It took a near-fatal lineup overhaul, two developmental albums and a fortuitous partnership with the right producer to put the Human League in a position to create the record that would make them, for a time, the unchallenged world champs of synthesizer pop. Interestingly, the group that topped the charts in 1982 with “Don’t You Want Me” bears almost no resemblance to the dour trio that recorded “Being Boiled” for Fast Product in 1978.
The first two albums were the work of Sheffield’s Phil Oakey, Ian Craig Marsh, Martyn Ware (all synth/vocals) and Philip Adrian Wright, who handled visual chores. Reproduction suffers from a simplistic approach — high-tech primitivism — given added monotony by Oakey’s frequently deadpan vocals. Amid all the glum sonic novelties (like “You’ve Lost That Loving Feeling”), the atmospheric “Morale” and the surprisingly poppy “Empire State Human” indicated promise for the future and brought the League — at a time when such a notion seemed farfetched — some success on the British charts.
Travelogue is much better, broadening the palette to include a wide variety of subtle synthesizer shadings, from the arcane to the sublime, and introducing vastly improved material. Lyrical subjects concern science-fiction and kitsch culture. Although still emotionally ambivalent, Travelogue is warmer and more fun than its predecessor, and suggested a direction for the band to pursue.
And pursue it they did. After a schism sent Marsh and Ware off as the British Electric Foundation, Oakey and Wright revamped the Human League with four new members (Ian Burden, Susanne Sulley, Joanne Catherall and ex-Rezillo guitarist Jo Callis) and a rededication to danceable pop music. That intent, along with producer Martin Rushent — whose skills dovetailed with almost all of the band’s shortcomings (almost all — there’s no cure for Oakey’s crooning) — ultimately led to such interplanetary hits as “Don’t You Want Me” and “Love Action (I Believe in Love).” The irresistible mix of state-of-the-art technology and old-fashioned pop-single formulae set millions of toes tapping, although the Dare LP contains much headier and heavier stuff as well. With incredible ambience and subtle tension, “Seconds” — about the Kennedy assassination — is, in fact, the LP’s unheralded best track. A great record, and not just for its popular songs.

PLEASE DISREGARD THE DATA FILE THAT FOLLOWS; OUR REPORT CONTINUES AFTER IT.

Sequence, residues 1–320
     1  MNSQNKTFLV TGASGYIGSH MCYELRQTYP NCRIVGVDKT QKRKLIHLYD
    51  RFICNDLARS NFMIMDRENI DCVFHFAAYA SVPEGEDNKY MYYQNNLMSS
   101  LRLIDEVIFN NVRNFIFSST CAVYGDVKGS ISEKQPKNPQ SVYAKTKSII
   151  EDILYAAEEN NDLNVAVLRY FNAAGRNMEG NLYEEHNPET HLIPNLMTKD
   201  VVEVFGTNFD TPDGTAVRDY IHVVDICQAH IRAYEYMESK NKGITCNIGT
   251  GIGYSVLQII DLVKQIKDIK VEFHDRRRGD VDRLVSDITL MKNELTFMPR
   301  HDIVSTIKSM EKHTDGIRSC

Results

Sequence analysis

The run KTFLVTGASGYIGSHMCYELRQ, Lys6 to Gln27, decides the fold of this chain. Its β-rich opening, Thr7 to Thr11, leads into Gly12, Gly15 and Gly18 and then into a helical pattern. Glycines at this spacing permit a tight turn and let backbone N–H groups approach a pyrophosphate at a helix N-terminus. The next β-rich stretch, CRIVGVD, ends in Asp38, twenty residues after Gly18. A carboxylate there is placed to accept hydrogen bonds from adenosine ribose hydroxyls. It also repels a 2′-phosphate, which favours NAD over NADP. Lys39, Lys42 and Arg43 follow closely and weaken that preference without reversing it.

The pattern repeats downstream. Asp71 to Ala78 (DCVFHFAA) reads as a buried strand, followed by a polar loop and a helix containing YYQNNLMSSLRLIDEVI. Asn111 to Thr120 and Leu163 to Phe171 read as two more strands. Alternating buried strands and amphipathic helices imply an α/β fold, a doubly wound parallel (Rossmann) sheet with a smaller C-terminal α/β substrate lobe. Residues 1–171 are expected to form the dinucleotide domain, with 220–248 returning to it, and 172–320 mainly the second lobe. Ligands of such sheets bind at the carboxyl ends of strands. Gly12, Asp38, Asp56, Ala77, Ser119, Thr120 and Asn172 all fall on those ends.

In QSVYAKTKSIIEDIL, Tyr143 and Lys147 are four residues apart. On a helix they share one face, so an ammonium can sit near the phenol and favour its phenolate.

The trailblazing (for white rockers, that is) remix album, Love and Dancing, pays titular homage of sorts to Barry White and contains Rushent’s revamped versions of seven cuts from Dare, plus one extra tune. Some of the record bears listening to; other parts, however, are either repetitively dull or noisily annoying.
Subsequently proven incapable of delivering a timely follow-up to sustain their new-found mega-stardom, the Human League had to make do with stop-gap singles, two of which were compiled on the Fascination! EP. “Mirror Man” is pedestrian but catchy; “(Keep Feeling) Fascination” (which appears here in its original form and an extended remix), however, is ruined by awful sick-cow vibrato on the synthetic horns.